‘American Policing: Lessons on Resistance’ is the title of a panel discussion that took place at the Schomburg in New York on 18th February 2015 as a follow-up conversation to their recent town-hall-style debate on ‘American Policing: The War on Black Bodies’. The session featured wide-ranging commentary on issues related to police brutality, racial discrimination, ‘stop and frisk’/’stop and search’ policies, and community-led responses to the killing of Michael Brown, Eric Garner, Aiyana Stanley-Jones and others in recent news.
The panel discussion was moderated by writer Mychal Denzel Smith (The Nation), with contributions from the following four political activists and social commentators: Ashley Yates (poet and co-creator of Millennial Activists United), Dante Barry (Director of Million Hoodies Movement for Justice), Philip Agnew (Co-founder of Dream Defenders) and Cherrell Brown (National Organizer with Equal Justice USA). Closing comments were also provided by Dr Khalil Gibran Muhammad, Director of the Schomburg Center for Research in Black Culture.
Central to the debate were questions about what justice might look like if black lives actually mattered in the USA; strategies for restructuring, de-militarizing and dismantling policing systems so that their historical origins in the States as organisations founded on the surveillance and restriction of the lives, mobilities and freedoms of black and brown people did not continue to perpetuate racialized discrimination; critiquing the complexities of campaigning against the Prison Industrial Complex (PIC) and the increasing monetization of incarcerated black bodies; envisioning safe communities; aligning anti-racist political activism with wider education and culture agendas – including activism via the arts; routes into community-based activism and leadership for young people; self-esteem/’self-love’/self-care and spirituality issues within movements for social change; and effective ways to disseminate counter-narratives to help challenge the normalisation of privileged white citizenship to the detriment of others’ lived realities.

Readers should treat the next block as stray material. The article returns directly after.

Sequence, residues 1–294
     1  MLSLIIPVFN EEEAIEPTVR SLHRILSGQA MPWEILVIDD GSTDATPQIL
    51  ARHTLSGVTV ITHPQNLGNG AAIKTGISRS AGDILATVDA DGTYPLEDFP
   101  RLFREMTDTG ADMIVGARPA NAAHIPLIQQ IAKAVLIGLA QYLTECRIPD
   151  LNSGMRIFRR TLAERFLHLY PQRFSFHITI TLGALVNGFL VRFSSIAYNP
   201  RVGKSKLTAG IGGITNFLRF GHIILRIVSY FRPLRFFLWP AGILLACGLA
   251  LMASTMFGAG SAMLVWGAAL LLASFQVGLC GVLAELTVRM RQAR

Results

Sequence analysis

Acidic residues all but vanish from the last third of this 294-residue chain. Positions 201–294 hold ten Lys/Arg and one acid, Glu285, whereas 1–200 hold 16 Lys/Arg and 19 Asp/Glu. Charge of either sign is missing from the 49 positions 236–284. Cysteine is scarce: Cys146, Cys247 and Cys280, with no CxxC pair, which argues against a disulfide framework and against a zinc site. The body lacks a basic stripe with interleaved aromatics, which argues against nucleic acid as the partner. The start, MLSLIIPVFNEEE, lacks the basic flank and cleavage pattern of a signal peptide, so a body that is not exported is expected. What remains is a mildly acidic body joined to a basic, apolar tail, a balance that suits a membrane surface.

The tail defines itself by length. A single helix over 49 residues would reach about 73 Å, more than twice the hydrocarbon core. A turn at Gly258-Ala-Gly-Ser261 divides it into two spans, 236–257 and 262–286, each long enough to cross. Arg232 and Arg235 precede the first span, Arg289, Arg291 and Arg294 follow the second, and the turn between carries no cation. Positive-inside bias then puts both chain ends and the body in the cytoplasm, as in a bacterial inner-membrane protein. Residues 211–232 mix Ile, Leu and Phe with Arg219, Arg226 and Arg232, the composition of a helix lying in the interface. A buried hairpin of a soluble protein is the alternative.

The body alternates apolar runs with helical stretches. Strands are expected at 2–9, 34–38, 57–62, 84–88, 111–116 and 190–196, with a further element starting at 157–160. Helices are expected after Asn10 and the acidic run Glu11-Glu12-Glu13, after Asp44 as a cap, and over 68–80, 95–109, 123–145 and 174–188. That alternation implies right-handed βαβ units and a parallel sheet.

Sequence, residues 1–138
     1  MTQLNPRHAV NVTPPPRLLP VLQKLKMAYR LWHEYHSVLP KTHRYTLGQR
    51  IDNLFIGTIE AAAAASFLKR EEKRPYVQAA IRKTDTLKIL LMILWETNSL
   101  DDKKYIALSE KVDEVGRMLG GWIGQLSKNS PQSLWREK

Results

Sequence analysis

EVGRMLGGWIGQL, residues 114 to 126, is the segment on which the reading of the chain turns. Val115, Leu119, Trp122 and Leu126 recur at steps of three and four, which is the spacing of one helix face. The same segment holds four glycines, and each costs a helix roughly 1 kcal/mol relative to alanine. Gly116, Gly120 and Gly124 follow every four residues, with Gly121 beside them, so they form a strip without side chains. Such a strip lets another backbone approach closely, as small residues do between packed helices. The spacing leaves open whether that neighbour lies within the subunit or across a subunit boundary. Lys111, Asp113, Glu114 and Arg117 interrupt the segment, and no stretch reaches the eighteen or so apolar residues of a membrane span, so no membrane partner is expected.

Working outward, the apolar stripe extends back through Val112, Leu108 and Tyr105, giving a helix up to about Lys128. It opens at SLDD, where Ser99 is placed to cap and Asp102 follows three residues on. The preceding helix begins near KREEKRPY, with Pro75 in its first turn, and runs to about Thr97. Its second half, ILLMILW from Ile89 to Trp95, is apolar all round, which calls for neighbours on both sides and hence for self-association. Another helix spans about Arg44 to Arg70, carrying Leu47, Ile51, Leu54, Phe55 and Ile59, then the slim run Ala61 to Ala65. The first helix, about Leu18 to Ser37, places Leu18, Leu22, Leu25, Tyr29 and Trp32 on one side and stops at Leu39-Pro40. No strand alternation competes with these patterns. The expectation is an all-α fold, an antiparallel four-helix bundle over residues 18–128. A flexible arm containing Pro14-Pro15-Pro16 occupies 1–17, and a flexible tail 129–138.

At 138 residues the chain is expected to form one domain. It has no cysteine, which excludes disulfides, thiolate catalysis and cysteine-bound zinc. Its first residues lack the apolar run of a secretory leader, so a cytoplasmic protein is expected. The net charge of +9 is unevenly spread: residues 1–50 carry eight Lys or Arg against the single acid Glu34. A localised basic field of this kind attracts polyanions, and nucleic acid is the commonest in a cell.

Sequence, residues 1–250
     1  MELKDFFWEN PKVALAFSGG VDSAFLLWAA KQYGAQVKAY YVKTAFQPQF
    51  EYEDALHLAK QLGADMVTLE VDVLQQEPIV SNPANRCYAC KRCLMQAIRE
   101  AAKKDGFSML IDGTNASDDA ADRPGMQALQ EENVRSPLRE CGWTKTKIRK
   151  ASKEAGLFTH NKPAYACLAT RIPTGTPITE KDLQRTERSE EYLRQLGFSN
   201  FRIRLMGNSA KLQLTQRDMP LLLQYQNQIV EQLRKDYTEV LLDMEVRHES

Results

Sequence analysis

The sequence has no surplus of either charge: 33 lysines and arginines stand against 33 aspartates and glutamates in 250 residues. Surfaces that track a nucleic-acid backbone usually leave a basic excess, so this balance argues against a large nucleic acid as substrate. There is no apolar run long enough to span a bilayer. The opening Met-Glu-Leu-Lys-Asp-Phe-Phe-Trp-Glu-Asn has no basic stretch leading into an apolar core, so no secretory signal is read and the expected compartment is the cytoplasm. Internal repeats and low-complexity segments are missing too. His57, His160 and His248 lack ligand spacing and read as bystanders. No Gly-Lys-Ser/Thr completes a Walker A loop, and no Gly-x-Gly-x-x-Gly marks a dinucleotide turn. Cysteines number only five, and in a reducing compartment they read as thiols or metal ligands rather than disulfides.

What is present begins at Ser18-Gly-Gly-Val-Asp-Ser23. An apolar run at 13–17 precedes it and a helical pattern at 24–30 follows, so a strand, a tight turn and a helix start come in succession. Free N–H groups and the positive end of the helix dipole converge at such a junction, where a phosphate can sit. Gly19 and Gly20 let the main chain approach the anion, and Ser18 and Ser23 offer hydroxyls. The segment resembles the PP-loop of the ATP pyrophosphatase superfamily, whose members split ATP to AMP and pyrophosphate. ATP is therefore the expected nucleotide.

As an educator and activist interested in the way the arts can be used to (re-)present powerful movements and serve as catalytic agitations for social and political change, it was interesting to note just how centrally placed (and highly valued) creativity was within the lives of all the panel participants – as researchers, writers, historians and producers of visual and literary narratives that help to document (and generate an archival record of) the justice campaigns they are involved in, and also as leaders sustained and empowered to be more resilient by engaging in creative pursuits as part of individual and community ‘self-care’.
To view the debate online, please click here. The total running time is approx. 1 hour 30 minutes (and includes a Q&A with members of the audience).
Additional details about key organisations mentioned during the discussion are also available on the following websites:
- We the Protesters (Ferguson and beyond) – http://www.wetheprotesters.org/
- Millennial Activists United – http://www.millennialau.org/
- Equal Justice USA – http://ejusa.org/
- Dream Defenders – http://dreamdefenders.org/
- Million Hoodies Movement for Justice – http://www.mhoodies.org/